It appears Jared Polis’ campaign of inclusiveness and progressive ideas resonated with Centennial State voters. On Tuesday night, the Democrat won his race to become Colorado’s next governor by a wide margin.

As the first strains of Bob Dylan’s “The Times They Are A-Changin” warbled through a packed ballroom at the Westin Denver Downtown on Tuesday night, the crowd erupted in thunderous cheers. Moments later, Polis took the stage with newly elected Lt. Gov. Dianne Primavera, holding hands raised in victory. Family members lined up behind them, including Polis’ partner of 16 years, Marlon Reis, and his children, Caspian (7) and Cora (4). “As your governor, I pledge to serve all Coloradans, no matter your party—no matter where you live, no matter your race, or no matter your gender, we are all in this together,” Polis said.

He offered kind words for nominee Walker Stapleton, thanking him for eight years of service as state treasurer and “for giving his precious time to add to the discussion and dialogue about ideas to make our state even better.”

Polis also gave hints on how he will start to implement a bold progressive agenda, saying he already spoke with State Republican Rep. Jim Wilson of Salida to discuss the first stages of creating bipartisan support for free, full-day kindergarten. “We want to make sure every child—regardless of the zip code they grow up in—has a great education beginning with full-day kindergarten,” he said.

Polis was just the first of many victory speeches made on the stage on Tuesday night. In addition to sweeping every statewide race—from governor to attorney general and secretary of state—Democrats also picked up a seat in the highly contested 6th congressional district, which has been held by Republicans since its creation in 1983, flipped the state Senate, and expanded their majority in the state House. But the so-called “blue wave” wouldn’t have been possible without a swell of young, independent, and female voters, all of whom helped carry the Democrats to victory.

Updated numbers released on November 7 showed that unaffiliated voters, who now make up 38 percent of all registered voters in Colorado, returned more ballots than either Democrats or Republicans—a historical first for the Centennial State (the numbers, of course, are not finalized quite yet). Younger voters ages 18 to 34 also had a large voice in the 2018 election, accounting for about a fifth of the vote, according to data from polling firm Magellan Strategies.

Just as notable is who did not show up in high numbers: Republicans. Conservative-leaning voters historically have the strongest turnout in Colorado’s midterm elections, according to David Flaherty, CEO of Magellan Strategies. “The collapse of the historical Republican advantage is a big part of this story,” Flaherty said. “The surge in unaffiliated voter registration at the expense of Republican voter registration that has been going on for the last six years has been somewhat predicting this point.”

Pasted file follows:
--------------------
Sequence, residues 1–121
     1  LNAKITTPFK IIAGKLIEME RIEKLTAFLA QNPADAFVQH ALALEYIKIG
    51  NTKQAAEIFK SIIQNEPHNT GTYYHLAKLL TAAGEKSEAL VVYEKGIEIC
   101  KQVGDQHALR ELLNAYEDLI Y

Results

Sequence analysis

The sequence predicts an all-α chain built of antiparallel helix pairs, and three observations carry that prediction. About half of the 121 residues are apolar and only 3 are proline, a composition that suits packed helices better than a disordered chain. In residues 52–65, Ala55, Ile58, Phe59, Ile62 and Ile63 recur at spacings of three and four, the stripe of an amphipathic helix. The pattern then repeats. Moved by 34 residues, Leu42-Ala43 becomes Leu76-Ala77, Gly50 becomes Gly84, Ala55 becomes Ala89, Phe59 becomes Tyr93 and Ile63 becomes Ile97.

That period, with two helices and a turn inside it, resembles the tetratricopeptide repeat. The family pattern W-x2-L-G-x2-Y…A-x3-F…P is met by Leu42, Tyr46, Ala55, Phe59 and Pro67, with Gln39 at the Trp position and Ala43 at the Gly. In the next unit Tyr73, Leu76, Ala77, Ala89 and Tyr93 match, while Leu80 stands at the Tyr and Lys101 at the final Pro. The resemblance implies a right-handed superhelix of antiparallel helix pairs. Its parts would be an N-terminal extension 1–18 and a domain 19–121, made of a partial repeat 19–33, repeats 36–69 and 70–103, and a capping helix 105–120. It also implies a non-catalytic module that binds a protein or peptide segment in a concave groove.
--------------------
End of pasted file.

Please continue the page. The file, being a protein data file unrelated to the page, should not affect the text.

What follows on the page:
Across the state, Democrats ran grassroots campaigns that focused on issues like healthcare and education over personalities, rejecting dark money and divisiveness from Washington, and championing diversity and inclusiveness. Democrats also harnessed the power of some 4,000 statewide volunteers who began signing up last year and fielded candidates in every seat across 64 counties, said Morgan Carroll, chairwoman of the Colorado Democratic Party.

“People care about the issues even more than they care about their candidates or their party,” said Carroll in an interview with 5280 on Tuesday night. “The divisiveness has been so poisonous that people are looking for leaders that are willing to be inclusive and actually focus on making life better for people.”

This inclusivity enabled the party to make history in 2018, including electing Polis as the first gay governor in both Colorado and the nation; Joe Neguse as the state’s first black congressperson; and Jena Griswold as the first Democratic woman as secretary of state.

“In Colorado, we proved that no barrier should stand in the way of pursuing our dreams. We proved that we are an inclusive state that values every contribution regardless of someone’s sexual orientation or gender identity,” Polis said on Tuesday night, crediting the work of LGBTQ pioneers who fought for civil rights and equality. Polis turned to thank and hug his partner, Reis, calling him “The first First Man in the history of Colorado.”

While the Centennial State has never had a female governor, we do have one of the nation’s highest percentages of women in the state legislature. That claim was bolstered on Tuesday night, driven in part by Democratic women, who made up the largest voting group in this year’s election. In the General Assembly, the House will have a female majority, while key races won by women also helped flip the Senate to Democratic control.

It’s Democratic women who will drive the state’s priorities in the upcoming legislative session. State Rep. Faith Winter, who secured a seat in the Senate’s District 24, told 5280 that paid family leave will be a top issue for her, along with affordable housing and climate change. “Taking back the Senate means hard-working families actually have folks sitting down there who are trying to give them a fair shot to get ahead,” she said.

Democrats will have plenty of work ahead of them to accomplish their progressive campaign goals in a state’s still considered purple. But Polis, who is a tech-industry entrepreneur who campaigned as a political disruptor and problem solver, embraces the opportunity. “In Colorado, we dream, we dare, and we do,” he told the crowd on Tuesday. “Whether it’s embracing good ideas or hiking our amazing mountains, we don’t back down when something is challenging. We see problems as opportunities for our state of Colorado.”